Riding the Wave
personal wealth health
Riding the Wave
Approach the market's ups and downs with common sense.
WILLIAM J. LYNOTT
The roller coaster ride of the economy during 2013 has been enough to cause stomach churning in all but the most steely nerved passengers. Most experts predict a steady pattern of economic growth with periods of expansions, recessions and downturns in the market.
Use the following fundamentals to invest in a financially healthy retirement.
Don't try to time the market.
“It's better to invest regularly, without regard for the general condition of the economy or the direction of the stock market,” says Darrell J. Canby, CPA/CFP, president, Canby Financial Advisors in Natick, Mass. “Timing the market, trying to determine the best time to buy specific stocks, rarely works.”
Rick Willeford, MBA, CPA/CFP, in Atlanta, Ga., agrees. “Market timing and day trading are for suckers,” he says. “Waiting for stocks to hit the ‘bottom’ before you buy or hit the ‘top’ before you sell has long since proven to be a loser's game for investors. Select stocks or mutual funds on the basis of sound fundamentals.”
Avoid reacting to daily economic reports.
“In an effort to sell newspapers and air time, many investors are persuaded by the media to look out for the next economic number of the day,” says Jordan Kimmel, managing director, Magnet Investment Group in Randolph, N.J. “Whether it's employment numbers, capacity utilization, or inflation statistics, there is always a number of the day to tempt investors into overreacting.
Mr. Kimmel adds, “No investment strategy is better than identifying superior companies and holding them while letting your money compound over time.”
Maintain an appropriate asset allocation.
The right mix depends on factors, such as your age and your tolerance for risk.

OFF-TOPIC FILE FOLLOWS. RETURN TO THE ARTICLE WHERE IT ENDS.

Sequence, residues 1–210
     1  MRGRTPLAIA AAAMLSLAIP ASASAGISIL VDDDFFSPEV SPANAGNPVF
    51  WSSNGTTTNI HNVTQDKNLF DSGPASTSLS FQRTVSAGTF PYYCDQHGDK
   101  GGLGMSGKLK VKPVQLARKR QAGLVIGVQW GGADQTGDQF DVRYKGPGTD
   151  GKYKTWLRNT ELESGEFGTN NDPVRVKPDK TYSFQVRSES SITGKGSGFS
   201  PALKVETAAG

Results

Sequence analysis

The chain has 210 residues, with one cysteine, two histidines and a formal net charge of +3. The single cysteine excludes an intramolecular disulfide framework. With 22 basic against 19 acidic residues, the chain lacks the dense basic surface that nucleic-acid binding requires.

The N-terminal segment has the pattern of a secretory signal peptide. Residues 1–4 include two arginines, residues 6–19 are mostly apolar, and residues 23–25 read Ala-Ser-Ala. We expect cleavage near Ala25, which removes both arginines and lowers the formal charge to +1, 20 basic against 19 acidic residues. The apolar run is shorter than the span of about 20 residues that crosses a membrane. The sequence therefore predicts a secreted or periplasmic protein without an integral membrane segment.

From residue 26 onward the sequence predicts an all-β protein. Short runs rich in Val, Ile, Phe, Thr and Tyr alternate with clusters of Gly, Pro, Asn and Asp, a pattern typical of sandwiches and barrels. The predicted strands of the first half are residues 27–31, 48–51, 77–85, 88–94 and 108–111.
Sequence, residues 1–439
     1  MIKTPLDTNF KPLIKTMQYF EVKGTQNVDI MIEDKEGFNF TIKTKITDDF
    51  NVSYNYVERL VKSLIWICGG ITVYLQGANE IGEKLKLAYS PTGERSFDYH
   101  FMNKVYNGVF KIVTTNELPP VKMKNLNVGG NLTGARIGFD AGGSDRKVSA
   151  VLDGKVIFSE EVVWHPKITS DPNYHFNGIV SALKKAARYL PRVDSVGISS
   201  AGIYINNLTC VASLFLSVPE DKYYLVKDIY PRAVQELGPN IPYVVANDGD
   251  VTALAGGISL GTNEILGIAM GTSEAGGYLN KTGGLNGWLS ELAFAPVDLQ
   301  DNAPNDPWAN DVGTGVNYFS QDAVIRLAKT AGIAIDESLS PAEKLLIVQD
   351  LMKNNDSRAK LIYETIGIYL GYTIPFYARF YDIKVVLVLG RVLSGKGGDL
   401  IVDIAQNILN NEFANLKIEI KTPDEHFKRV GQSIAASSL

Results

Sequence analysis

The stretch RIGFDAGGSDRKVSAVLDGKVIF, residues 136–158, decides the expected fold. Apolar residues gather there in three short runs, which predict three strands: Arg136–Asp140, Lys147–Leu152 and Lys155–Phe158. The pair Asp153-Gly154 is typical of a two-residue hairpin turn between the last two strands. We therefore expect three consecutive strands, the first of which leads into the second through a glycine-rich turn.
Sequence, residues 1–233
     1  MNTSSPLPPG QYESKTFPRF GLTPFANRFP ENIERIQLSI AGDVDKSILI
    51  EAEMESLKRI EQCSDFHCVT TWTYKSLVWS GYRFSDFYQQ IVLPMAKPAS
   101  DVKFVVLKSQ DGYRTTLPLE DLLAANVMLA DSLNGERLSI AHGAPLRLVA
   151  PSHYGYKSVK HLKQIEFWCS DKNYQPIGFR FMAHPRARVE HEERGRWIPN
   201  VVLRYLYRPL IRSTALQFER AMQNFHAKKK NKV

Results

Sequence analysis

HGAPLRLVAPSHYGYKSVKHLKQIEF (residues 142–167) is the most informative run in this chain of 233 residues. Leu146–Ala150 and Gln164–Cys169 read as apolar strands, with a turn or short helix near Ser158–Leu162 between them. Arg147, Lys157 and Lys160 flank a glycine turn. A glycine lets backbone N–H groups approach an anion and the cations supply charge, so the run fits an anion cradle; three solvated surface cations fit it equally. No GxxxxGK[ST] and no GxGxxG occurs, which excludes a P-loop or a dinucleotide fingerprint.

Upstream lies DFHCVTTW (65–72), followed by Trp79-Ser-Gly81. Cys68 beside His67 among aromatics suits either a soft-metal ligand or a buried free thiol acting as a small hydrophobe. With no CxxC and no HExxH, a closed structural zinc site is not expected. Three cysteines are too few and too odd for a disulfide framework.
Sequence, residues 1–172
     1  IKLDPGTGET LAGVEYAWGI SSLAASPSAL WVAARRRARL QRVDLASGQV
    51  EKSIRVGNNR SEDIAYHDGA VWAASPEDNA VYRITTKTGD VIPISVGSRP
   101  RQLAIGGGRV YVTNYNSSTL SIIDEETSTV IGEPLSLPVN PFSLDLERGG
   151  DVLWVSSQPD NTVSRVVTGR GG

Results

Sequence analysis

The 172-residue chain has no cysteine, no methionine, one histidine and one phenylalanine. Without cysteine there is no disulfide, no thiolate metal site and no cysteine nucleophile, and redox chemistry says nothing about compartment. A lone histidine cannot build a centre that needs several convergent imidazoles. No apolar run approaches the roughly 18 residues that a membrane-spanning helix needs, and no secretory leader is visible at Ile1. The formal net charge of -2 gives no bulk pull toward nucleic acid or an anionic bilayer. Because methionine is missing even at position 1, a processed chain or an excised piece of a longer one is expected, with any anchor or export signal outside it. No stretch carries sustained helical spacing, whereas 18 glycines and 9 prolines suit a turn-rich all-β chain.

If your retirement is years away, most experts recommend relatively heavy investments in equities, perhaps 60% or more of your total portfolio.
“However, if your time horizon is less than three years,” says Certified Financial Planner Greg Womack, Edmond, Okla., “go more heavily in fixed investments like CDs, short-term bonds and money markets.”
Diversify your equity investments.
Don't invest too heavily in a single industry or company. Otherwise, you put yourself at risk should that industry or company experience serious downturn.
Rebalance your portfolio.
Once you have allocated your assets in the proportion that is right for you, rebalance at least once a year. As the price of equities fluctuates, the ratio you began with changes.
If the value of your equities rises, consider selling some of them to restore your original ratios. If their value has drops, moving more cash into equities may be appropriate.
Stay the course.
The maintenance of an investment portfolio that promotes a good night's sleep during these scary investment times involves much more. However, sticking with these fundamentals goes a long way toward achieving that end. OM
Information in this article is provided for educational and reference purposes only. It is not intended to provide specific advice or individual recommendations. Consult an accountant or tax advisor for advice regarding your particular situation.
MR. LYNOTT IS A FREELANCE WRITER WHO SPECIALIZES IN BUSINESS MANAGEMENT AS WELL AS PERSONAL AND BUSINESS FINANCE. VISIT WWW.BLYNOTT.COM, OR SEND COMMENTS TO OPTOMETRICMANAGEMENT@GMAIL.COM.
Optometric Management, Volume: 48 , Issue: November 2013, page(s): 62